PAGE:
Fun fact: Had the state been a private company, and the preamble, containing the word “secular”, were to be the company’s memorandum of association, state control on the Hindu temples would have lost legitimacy on the ground that it’s ultra vires — outside the purview of its power to undertake because that’s not what the “company” (here, the state) was created for.
One another argument could have been had — that this government interference is an atrocity that is wreaked only upon the Hindus, not any other religions. But since the writer wanted to keep the focus on the Hindu case itself, so this line of argument was deliberately not touched upon.
And the last word to those who pay constant lip service to the ‘genuine’ need for reform from time to time, the ‘ossification’ of the religion and society in the absence of extrinsic moral actors, etc.
Hindus have a robust system in place for that, thank you very much, and it’s been working fantastic for thousands of years. A forlorn, exiled prince of a small city disregarded the traditional rules of Durga worship and called upon her in a foreign land in his time of need just when then winters were setting in, starting the Durga Puja. The son of a village chieftain, barely in his teens, set aside thousands of years of Vedic tradition of Indra worship the day next to Kartika Amavasya. Another prince questioned the Vedas in declared the world an entrapment of suffering. A begging monk rediscovered a hitherto obscure branch of darshan called Advaita Vedanta. An England-returned politician-turned-ascetic declared that the spiritual path of Hindus and their spiritual organisations should no longer be of disdain towards abundance and well-being, something unheard of for centuries. We worship the first three as our gods — Sri Rama, Krishna and Siddhartha Gautama ‘the Buddha’ — and revere the last two as the greatest sages of modern times, namely Swami Vivekananda, and Vedic rishi Sri Aurobindo.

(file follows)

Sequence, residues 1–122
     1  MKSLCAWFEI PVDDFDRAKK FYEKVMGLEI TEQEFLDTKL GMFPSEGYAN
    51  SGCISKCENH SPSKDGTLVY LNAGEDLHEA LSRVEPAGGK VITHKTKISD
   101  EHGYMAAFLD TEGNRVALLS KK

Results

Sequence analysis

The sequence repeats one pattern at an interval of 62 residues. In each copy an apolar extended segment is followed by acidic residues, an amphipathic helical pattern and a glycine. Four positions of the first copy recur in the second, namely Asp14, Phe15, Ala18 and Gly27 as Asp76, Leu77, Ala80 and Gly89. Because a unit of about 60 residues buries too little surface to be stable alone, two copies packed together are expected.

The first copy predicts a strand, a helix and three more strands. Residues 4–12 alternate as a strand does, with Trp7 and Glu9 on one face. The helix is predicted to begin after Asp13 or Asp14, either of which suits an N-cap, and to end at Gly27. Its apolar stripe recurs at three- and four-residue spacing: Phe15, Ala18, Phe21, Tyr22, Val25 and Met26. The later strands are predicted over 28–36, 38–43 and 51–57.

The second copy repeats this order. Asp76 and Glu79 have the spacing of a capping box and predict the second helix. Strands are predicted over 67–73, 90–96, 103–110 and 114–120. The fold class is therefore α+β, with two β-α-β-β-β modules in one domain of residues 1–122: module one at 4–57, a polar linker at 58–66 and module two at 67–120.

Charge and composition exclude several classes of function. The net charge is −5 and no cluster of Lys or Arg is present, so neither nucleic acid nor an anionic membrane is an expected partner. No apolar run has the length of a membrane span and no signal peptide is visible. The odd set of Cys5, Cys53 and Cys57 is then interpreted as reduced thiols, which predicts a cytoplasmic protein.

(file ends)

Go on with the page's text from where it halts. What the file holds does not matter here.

So when we Hindus see the real deal — a real spiritual person, making a case for a genuinely spiritual course-correction, instead of a vulture-like attack on the religion itself — we not only happily take up the suggestion but elevate the “reformer” to a godly status too. We do not need sarkāri vultures to do our reforms- the very gods who run this world visit us for that!
In collaboration with and editorial contributions from Mrinaal Prem Swarroop Srivastava